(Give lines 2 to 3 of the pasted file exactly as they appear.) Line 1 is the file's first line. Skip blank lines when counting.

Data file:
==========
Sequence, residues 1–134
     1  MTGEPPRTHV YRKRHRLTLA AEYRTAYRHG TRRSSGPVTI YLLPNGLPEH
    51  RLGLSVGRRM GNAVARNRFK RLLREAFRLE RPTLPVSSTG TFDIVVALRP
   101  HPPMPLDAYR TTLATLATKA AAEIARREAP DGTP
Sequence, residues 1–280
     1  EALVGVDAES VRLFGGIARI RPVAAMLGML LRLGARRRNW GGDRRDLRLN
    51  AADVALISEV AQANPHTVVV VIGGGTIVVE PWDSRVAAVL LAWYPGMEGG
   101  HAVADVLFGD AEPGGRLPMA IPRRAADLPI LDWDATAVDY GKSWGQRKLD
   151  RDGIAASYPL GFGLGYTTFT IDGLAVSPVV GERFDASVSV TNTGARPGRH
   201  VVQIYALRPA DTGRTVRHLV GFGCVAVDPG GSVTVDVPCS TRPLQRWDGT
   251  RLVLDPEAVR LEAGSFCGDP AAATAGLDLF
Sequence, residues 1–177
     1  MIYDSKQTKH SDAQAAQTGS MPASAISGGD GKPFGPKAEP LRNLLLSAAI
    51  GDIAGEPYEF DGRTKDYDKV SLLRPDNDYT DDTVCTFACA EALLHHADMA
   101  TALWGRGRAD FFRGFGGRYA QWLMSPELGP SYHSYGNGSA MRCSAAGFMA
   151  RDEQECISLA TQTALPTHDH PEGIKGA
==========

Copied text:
     1  MTGEPPRTHV YRKRHRLTLA AEYRTAYRHG TRRSSGPVTI YLLPNGLPEH
    51  RLGLSVGRRM GNAVARNRFK RLLREAFRLE RPTLPVSSTG TFDIVVALRP